has arrived. There’s four pages of my crayon drawings inside. You can even see the pages of my work when you use Amazon’s “look inside” feature. So that’s kind of neat! The book is available through book sellers everywhere.
I’ve been visiting the National Gallery of Art in Washington on recent weekends. Monet’s painting of his garden has been a particular destination. I’m painting landscapes now, and I look at Monet’s surfaces and seek answers to questions that I’m encountering in my own painting. I have five landscapes in the works at present, each in different stages of “almost there.” Mine are small paintings, 18 x 24 inches. Monet’s painting is quite large. His measures almost 60 x 48. The room is so large that the painting doesn’t seem that big when you’re standing in front of it, but — wow — it is. Some sense of the scale is available by seeing it with museum visitors.
Details of Monet’s painting are visible on NGA’s website. You can zoom into the nuances.
I remember this tree, a sugar maple that stood right outside the back door. I loved drawing it. The tree was full of romance. In 2003 hurricane Isabel damaged all the maples so badly that we had to have them cut down. We were lucky that none of the trees completely uprooted. None of them fell.
However the storm left them all tilting precariously. It was clear that any ordinary thunderstorm could finish them off. They had figured in paintings and drawing over the years. These two drawings are ones I found in an old notebook. I ignored the leaves in these and fixed all my attention on the graceful trunks and branches.
I found these drawings of leaves and branches in an old notebook (the same notebook mentioned in the previous post). I don’t know whether I drew from life or from a photo. I don’t remember a photo with an image like this, and the trees that I could have drawn from are gone now. However at the time these drawings were made, the yard was full of sugar maples. They’re all clearly the same motif, drawn again and again.
I was rummaging through an old notebook and found this drawing. And I add it now to my idea(s) about a still life painting that’s in the works. I can’t use this angle for the picture I’m planning, but I like the idea and so I note that it might work well in another, future version of the motif.
Thus it joins this drawing.
And this one.
And joins the idea catalog for this motif below which is still just an idea in the mind so far.
It’s a good thing I have this blog to help me keep track of this stuff.
Someone on my twitter feed posted a marvelous painting by Pierre Bonnard. Perusing a link further, I found this wonderful “Fish on a Dish,” above (Poisson dans un plat). The title is catchy in English.
As soon as I saw it, it makes me want to paint. I have a fish that I like to draw, one that I found years ago at random around the time that we first got an internet connection. It was an image I found while looking for a fish cam, and from a pixelated photo I discovered, I have drawn many forms of that fish, one of which appears below (a detail of an acrylic painting). Many of them depart dramatically from their random photographic source.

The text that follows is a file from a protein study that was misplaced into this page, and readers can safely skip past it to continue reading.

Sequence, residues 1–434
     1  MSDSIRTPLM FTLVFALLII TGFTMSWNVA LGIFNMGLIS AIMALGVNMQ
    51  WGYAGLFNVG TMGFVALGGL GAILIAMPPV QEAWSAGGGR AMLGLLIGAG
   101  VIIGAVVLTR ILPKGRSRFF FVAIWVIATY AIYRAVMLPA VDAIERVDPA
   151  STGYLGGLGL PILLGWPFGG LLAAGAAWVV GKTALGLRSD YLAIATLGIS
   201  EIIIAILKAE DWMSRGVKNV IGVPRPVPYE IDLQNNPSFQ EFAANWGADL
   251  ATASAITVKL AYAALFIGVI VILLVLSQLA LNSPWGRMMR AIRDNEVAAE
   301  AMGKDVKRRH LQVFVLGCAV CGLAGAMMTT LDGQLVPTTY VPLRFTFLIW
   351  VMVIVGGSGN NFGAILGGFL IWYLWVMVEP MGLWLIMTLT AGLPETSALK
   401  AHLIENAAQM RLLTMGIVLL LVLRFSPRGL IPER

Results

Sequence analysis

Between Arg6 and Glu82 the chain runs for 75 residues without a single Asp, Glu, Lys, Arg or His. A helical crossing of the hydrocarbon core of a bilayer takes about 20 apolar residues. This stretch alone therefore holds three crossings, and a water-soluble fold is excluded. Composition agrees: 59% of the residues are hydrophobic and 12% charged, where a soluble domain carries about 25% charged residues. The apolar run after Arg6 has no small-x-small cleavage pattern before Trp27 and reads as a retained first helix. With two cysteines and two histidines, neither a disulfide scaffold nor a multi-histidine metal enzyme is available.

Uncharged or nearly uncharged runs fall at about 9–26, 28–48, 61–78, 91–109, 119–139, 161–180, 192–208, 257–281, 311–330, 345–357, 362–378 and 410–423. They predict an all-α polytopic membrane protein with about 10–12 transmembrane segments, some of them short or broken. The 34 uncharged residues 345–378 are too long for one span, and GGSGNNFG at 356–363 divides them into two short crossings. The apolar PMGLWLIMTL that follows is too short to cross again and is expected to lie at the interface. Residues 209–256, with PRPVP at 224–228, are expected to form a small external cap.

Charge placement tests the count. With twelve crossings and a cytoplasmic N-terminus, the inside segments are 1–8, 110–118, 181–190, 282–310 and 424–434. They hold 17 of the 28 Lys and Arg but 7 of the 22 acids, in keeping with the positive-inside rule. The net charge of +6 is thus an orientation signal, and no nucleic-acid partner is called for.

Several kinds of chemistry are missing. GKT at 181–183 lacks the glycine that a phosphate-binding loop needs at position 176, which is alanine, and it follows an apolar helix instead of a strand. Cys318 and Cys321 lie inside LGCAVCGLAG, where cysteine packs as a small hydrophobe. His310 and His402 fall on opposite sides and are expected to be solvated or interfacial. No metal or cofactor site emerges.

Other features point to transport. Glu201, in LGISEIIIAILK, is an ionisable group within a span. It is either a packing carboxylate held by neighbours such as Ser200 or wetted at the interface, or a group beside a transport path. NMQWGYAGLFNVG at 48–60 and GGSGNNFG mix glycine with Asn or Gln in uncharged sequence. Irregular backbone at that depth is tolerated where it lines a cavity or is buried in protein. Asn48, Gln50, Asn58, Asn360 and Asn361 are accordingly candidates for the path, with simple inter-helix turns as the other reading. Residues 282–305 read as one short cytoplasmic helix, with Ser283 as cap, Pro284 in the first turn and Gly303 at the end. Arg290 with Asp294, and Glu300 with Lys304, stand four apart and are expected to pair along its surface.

Now I am wanting to do something in pastel — something — I’m not sure what. A picture with blues, something with squares — maybe the fish, maybe some koi. I don’t know.
But seeing Bonnard’s picture makes me want to paint. I don’t know how it affects you. But for me, it’s as though he put both the sky and the sea on his kitchen table and then this fish in a dish.
Not only the directions of the folds, but the textures of the pencil become the subject of the picture. I made tones with hatch marks and their directions create a kind of movement inside the details, in the lumps and folds like lichen growing between rocky ledges. Through the different tones, a spectator can savor distinctions between one shadow layer of darkness and another.
You can enter into the music of the image. What bass or treble are to music, light and dark are to drawing. A drawing like this one is not made in a rush, and an observer ought not to rush either. Linger here a while. It was a spectacle seen that captured my spirit. At the edge of the mind’s scenic overlook, standing over the chasm, feeling the breeze at the altitude, I paused. I caught this view. I found this mountain of cloth. Lewis and Clark never surveyed it.
If the cloth was metaphorically a mountain, then in drawing it was I climbing? And each small pencil stroke is a foot hold. And the whole is a meditation. What Mont Ste Victoire was for Cezanne, this can be a Rockies that tumbled out of the laundry basket.
I am so far away from real mountains that I am reduced to creating my own from the materials lying about the house. And yet art can be real and imaginary in more ways than we suppose. After all, I drew this mountain from life.